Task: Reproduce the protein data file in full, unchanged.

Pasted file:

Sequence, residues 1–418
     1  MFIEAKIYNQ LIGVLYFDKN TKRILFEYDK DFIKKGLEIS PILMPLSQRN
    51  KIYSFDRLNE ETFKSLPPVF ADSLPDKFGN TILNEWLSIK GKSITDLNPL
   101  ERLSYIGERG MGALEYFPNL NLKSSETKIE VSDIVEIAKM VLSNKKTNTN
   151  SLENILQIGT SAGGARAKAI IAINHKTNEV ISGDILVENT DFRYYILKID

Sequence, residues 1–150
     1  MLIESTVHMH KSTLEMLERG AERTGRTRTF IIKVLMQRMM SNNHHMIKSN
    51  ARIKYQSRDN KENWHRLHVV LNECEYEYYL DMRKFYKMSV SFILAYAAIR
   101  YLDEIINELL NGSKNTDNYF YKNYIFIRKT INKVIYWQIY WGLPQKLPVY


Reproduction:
Sequence, residues 1–418
     1  MFIEAKIYNQ LIGVLYFDKN TKRILFEYDK DFIKKGLEIS PILMPLSQRN
    51  KIYSFDRLNE ETFKSLPPVF ADSLPDKFGN TILNEWLSIK GKSITDLNPL
   101  ERLSYIGERG MGALEYFPNL NLKSSETKIE VSDIVEIAKM VLSNKKTNTN
   151  SLENILQIGT SAGGARAKAI IAINHKTNEV ISGDILVENT DFRYYILKID

Sequence, residues 1–150
     1  MLIESTVHMH KSTLEMLERG AERTGRTRTF IIKVLMQRMM SNNHHMIKSN
    51  ARIKYQSRDN KENWHRLHVV LNECEYEYYL DMRKFYKMSV SFILAYAAIR
   101  YLDEIINELL NGSKNTDNYF YKNYIFIRKT INKVIYWQIY WGLPQKLPVY